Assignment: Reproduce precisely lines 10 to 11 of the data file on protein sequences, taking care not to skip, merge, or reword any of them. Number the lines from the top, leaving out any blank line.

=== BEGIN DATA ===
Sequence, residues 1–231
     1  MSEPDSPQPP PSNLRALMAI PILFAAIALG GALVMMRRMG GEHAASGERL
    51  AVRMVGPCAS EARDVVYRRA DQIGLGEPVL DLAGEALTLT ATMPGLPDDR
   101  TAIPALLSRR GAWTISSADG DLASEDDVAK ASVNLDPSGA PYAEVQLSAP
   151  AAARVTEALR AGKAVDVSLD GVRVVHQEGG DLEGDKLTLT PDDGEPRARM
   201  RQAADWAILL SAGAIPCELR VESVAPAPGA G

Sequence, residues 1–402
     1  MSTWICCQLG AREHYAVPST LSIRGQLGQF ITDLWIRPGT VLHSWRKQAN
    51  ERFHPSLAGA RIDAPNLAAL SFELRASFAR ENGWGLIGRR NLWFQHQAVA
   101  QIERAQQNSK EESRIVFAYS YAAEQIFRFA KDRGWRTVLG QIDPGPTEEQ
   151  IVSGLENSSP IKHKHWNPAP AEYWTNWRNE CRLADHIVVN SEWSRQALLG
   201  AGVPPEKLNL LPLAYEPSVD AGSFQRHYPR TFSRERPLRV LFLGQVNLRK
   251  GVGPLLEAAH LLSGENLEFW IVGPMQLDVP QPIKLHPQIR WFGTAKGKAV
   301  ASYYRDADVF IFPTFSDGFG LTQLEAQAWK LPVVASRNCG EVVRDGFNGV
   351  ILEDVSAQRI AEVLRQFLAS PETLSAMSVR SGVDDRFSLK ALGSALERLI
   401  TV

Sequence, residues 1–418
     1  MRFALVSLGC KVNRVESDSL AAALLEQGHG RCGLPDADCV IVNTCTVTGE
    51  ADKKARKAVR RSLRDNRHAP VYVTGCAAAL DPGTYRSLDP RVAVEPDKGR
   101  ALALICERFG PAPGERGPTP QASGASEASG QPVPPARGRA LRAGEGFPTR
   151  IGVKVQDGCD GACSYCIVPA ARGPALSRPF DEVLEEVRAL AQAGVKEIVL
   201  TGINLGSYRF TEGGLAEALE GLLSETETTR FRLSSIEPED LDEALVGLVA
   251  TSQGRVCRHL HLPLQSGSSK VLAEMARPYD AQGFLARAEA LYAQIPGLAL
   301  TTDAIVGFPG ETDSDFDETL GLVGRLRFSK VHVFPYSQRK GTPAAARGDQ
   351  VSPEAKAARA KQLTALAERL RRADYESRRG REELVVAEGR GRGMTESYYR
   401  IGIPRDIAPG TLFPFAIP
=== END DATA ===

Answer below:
   101  QIERAQQNSK EESRIVFAYS YAAEQIFRFA KDRGWRTVLG QIDPGPTEEQ
   151  IVSGLENSSP IKHKHWNPAP AEYWTNWRNE CRLADHIVVN SEWSRQALLG